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Racial justice has always been a charged subject in U.S. politics, and it's always had its champions. The recent SCOTUS ruling rejecting race-conscious admissions in higher education is one more chapter in this long history, and Google’s Dr. Kamau Bobb isn't going to let it go unanswered. As the founding Senior Director of the Constellations Center for Equity in Computing at Georgia Tech, as well as the Director of STEM Education Strategy at Google, Dr. Bobb is uniquely positioned to advocate for equitable access to education in the U.S.

Dr. Bobb sees more at risk than just the diversity at the heart of the SCOTUS decision on higher education admissions. "The SCOTUS decision to ban the consideration of race in higher ed is happening in combination with state laws banning books and comprehensive examinations of American history," Dr. Bobb points out, and asks, "What will happen to critical reflection and justice when the next generation of American students is being banned from knowing why they're necessary in the first place?"

His background gives him a unique sensitivity to the historical significance of the decision. Dr. Bobb’s story on Saporta Report says, "I am a child of Black immigrants from Guyana. I was born in New York in 1972, less than ten years after the passage of the 1964 Civil Rights Act. I am a member of the first generation of Black people in American history born with full legal rights everywhere in the nation."

Dr. Bobb sees the failure of U.S. education to achieve equity as the direct consequence of historic oppression and structural injustice that has never been fully addressed. His work focuses on building an equitable approach to STEM education, which is one key to social justice. According to Dr. Bobb, education is a cornerstone of modern citizenship, and all Americans should have equitable access to it, which is much more complicated than mere diversity in admissions.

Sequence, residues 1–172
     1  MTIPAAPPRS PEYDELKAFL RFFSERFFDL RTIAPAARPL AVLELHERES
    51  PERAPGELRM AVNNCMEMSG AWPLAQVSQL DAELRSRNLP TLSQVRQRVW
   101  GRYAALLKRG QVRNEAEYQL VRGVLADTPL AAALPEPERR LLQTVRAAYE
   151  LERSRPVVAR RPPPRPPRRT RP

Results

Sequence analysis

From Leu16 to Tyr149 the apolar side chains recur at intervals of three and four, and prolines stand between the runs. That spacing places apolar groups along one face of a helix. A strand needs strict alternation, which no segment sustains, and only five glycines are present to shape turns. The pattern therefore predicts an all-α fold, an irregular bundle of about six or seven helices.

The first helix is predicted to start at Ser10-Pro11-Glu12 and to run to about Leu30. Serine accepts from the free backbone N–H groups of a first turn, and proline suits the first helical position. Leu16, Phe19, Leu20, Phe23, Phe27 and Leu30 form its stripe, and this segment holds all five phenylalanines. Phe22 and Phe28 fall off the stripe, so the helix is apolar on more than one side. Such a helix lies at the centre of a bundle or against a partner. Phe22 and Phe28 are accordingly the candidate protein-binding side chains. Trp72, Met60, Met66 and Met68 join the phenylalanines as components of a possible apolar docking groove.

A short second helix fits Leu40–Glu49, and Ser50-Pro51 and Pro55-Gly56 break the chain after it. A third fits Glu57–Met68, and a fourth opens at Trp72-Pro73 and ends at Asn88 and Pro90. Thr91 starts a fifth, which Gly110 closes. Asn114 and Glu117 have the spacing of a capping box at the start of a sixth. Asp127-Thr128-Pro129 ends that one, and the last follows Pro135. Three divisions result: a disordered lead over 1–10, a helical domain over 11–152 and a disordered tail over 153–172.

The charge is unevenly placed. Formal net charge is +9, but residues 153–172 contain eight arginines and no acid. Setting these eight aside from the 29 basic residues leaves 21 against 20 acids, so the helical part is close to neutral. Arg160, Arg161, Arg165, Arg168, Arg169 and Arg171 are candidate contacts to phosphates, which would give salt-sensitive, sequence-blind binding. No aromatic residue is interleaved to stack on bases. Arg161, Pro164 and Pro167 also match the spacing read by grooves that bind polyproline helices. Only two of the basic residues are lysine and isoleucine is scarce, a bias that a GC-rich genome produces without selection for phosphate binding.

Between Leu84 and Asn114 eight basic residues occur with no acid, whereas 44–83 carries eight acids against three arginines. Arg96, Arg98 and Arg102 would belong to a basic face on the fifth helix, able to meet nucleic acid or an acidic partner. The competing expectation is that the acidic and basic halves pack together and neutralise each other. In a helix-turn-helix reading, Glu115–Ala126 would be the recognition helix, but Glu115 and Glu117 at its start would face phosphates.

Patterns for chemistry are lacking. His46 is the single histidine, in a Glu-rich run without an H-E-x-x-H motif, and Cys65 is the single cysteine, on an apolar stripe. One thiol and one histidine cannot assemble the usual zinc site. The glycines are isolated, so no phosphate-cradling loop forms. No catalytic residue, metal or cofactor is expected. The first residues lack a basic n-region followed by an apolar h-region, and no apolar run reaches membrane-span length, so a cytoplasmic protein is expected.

Sponsored
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However, the U.S. Supreme Court has decided against one of the most important tools for the work of social justice in higher education, and that alone isn't enough to stop the long work toward equitable access. Dr. Bobb remains committed. As one of the more influential advocates working toward justice, this promise has teeth. 

He's served as a Program Officer at the National Science Foundation, where he worked to make sure that equitable, high-quality computing education is available to students nationwide. He also worked with the Obama Administration's Office of Science and Technology Policy to help devise a nationwide strategy for secondary and post-secondary schools. Recently, Dr. Kamau Bobb was elected to the Spelman College Board of Trustees, where his commitment to equitable education will have a powerful influence.

As one of the foremost voices for equity in education, Dr. Kamau Bobb wants to make it clear that diversity is not the sole objective of affirmative action. Instead, the larger goal is justice. For more information about Dr. Kamau Bobb and his work, see www.cc.gatech.edu/people/kamau-bobb.